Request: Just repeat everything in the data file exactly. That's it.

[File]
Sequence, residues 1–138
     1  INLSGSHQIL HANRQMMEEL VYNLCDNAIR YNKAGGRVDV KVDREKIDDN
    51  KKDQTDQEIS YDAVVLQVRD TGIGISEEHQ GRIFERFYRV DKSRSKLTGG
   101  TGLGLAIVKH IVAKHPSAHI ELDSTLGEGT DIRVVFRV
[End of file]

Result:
Sequence, residues 1–138
     1  INLSGSHQIL HANRQMMEEL VYNLCDNAIR YNKAGGRVDV KVDREKIDDN
    51  KKDQTDQEIS YDAVVLQVRD TGIGISEEHQ GRIFERFYRV DKSRSKLTGG
   101  TGLGLAIVKH IVAKHPSAHI ELDSTLGEGT DIRVVFRV